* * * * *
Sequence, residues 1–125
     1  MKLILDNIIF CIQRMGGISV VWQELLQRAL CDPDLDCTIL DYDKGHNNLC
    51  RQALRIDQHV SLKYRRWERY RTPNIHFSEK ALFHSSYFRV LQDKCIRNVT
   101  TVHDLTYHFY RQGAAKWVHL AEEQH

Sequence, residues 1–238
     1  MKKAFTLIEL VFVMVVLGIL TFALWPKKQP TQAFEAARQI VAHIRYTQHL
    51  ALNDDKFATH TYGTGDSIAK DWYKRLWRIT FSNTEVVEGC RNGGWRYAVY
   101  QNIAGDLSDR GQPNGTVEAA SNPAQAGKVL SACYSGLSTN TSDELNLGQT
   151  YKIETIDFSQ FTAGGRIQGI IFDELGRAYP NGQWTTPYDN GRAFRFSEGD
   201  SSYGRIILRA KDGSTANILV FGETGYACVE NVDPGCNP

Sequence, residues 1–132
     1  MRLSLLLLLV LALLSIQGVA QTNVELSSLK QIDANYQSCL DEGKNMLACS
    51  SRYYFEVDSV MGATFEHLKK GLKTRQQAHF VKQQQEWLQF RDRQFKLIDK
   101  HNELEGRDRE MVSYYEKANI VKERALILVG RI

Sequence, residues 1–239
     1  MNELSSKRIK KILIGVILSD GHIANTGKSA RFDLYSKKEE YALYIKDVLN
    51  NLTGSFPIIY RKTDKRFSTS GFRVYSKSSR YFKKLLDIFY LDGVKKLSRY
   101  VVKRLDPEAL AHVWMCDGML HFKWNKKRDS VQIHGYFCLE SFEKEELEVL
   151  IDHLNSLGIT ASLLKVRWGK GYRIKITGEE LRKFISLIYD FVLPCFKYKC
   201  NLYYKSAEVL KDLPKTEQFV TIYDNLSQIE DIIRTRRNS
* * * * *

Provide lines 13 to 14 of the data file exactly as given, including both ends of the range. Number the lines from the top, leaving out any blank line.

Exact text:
    51  SRYYFEVDSV MGATFEHLKK GLKTRQQAHF VKQQQEWLQF RDRQFKLIDK
   101  HNELEGRDRE MVSYYEKANI VKERALILVG RI